Screenplay in Book Form: Monster by Walter Dean Meyers

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Monster
By Walter Dean Myers

Monster has an interesting form, but I’m not sure it worked for me. This book was told in a combination of diary and screenplay, both supposedly written by the protagonist, Steve. I bought that a kid could be on trial for something he maybe didn’t do (or maybe did, though I’m not sure if the author intended the reader to root for him or wonder about him). I even bought that a good kid from the inner city could be into writing screenplays and making films. Some aspects really reminded me of Makes me Wanna Holler by Nathan McCall. My problem was not with the premise, even with the form despite finding the stage directions (or business of the scene as it’s called in film) hard to read. It’s with the execution.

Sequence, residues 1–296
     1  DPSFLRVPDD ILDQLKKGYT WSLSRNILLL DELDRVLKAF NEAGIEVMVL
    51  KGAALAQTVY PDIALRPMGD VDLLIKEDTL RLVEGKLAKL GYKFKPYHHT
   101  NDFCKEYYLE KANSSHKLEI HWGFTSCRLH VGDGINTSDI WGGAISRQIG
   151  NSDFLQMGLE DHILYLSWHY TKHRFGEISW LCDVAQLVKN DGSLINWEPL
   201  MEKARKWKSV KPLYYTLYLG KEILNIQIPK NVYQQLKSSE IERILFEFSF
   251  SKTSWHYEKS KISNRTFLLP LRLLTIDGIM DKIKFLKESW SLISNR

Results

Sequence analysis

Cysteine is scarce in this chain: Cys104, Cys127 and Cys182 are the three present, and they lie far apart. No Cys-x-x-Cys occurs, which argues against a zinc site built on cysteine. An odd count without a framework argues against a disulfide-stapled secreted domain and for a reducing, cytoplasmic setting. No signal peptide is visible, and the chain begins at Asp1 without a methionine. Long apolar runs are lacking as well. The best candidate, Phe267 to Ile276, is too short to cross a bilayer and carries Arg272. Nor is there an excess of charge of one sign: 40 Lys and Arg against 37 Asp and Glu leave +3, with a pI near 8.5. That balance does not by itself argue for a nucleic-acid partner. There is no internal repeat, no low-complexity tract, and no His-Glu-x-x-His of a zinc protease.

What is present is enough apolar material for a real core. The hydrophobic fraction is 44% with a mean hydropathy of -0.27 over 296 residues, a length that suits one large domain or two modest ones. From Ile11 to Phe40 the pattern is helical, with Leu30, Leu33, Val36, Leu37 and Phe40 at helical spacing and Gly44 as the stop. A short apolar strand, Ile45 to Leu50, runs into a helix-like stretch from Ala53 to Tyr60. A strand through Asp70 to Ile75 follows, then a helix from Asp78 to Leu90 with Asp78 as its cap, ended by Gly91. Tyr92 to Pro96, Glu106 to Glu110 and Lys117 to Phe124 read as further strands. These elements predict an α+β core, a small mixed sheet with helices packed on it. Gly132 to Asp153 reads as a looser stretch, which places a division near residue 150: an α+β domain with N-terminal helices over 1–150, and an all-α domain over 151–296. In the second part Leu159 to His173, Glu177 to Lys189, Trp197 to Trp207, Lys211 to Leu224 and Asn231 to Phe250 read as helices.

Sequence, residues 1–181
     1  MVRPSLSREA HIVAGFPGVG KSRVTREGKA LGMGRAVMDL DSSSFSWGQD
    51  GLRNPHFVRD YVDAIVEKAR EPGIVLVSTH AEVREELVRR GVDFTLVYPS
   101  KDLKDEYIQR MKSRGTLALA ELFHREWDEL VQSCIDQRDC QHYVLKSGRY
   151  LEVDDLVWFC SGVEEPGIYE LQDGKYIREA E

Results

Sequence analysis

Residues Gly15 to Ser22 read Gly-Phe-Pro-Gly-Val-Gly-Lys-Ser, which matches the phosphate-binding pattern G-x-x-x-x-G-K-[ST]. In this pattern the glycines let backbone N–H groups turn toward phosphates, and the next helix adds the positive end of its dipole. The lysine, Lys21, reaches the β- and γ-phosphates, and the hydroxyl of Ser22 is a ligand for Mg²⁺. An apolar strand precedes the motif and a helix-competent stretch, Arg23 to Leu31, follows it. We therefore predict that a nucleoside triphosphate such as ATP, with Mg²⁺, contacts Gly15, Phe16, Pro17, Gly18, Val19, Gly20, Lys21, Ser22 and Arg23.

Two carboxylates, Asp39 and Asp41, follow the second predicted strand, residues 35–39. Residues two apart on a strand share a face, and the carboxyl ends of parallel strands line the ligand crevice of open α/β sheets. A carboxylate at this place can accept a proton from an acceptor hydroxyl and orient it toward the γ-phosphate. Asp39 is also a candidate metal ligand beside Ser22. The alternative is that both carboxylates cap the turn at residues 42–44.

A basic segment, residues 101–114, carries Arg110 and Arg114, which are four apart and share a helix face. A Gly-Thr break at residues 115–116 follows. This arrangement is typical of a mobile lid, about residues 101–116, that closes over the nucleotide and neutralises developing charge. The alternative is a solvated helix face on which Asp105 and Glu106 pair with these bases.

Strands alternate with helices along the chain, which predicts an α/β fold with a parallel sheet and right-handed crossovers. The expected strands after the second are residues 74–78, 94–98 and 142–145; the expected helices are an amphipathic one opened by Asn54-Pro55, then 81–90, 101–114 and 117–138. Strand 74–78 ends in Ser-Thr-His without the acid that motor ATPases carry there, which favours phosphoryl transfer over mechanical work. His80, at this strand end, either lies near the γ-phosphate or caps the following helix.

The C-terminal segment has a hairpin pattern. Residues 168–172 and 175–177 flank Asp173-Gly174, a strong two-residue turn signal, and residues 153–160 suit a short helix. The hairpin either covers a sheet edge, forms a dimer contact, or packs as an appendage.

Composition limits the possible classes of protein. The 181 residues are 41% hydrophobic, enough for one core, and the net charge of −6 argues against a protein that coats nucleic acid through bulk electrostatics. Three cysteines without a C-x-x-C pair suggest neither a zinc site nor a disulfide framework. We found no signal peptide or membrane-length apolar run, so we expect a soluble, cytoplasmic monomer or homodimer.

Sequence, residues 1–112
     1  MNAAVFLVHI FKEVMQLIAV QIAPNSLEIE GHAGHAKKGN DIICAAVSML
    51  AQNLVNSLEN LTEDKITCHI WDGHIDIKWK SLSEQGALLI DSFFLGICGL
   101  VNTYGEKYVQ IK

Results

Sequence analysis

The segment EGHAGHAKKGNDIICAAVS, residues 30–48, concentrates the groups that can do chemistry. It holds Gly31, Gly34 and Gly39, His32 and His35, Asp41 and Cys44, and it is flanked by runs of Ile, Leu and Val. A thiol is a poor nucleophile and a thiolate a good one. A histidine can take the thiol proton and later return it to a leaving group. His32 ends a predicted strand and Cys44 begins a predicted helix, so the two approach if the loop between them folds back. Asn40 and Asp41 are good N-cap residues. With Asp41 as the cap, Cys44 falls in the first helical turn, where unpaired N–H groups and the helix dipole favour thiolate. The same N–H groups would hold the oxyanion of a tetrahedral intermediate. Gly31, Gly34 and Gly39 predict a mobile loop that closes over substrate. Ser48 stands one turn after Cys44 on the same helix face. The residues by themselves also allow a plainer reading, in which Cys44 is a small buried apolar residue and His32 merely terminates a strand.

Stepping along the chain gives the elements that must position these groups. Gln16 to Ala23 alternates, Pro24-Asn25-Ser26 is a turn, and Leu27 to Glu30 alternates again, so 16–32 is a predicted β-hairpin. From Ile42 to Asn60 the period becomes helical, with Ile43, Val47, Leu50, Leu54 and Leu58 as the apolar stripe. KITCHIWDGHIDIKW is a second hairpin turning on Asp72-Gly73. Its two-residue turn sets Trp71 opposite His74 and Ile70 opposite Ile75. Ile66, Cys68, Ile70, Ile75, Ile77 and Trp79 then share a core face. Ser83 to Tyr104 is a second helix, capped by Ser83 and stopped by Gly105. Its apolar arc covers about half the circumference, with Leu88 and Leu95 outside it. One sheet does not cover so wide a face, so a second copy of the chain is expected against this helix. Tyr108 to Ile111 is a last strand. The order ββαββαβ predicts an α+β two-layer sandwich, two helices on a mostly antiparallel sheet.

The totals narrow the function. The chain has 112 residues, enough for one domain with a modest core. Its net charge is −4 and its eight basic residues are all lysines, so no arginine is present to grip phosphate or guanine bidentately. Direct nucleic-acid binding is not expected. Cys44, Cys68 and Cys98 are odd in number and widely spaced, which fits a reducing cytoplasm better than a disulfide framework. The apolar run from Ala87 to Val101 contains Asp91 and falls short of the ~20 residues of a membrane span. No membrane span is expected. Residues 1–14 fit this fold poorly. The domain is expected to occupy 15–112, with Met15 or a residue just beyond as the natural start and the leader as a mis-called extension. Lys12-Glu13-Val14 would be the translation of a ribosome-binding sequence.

I just didn’t “buy” Steve’s vocabulary. His diary is simple, but lacked in inner city voice (maybe to avoid being labeled as stereotyped? But that left it flat.), yet the vocabulary used in his stage directions is huge and flowing—it just doesn’t fit. Interesting concept, interesting form, but I didn’t buy it for a second.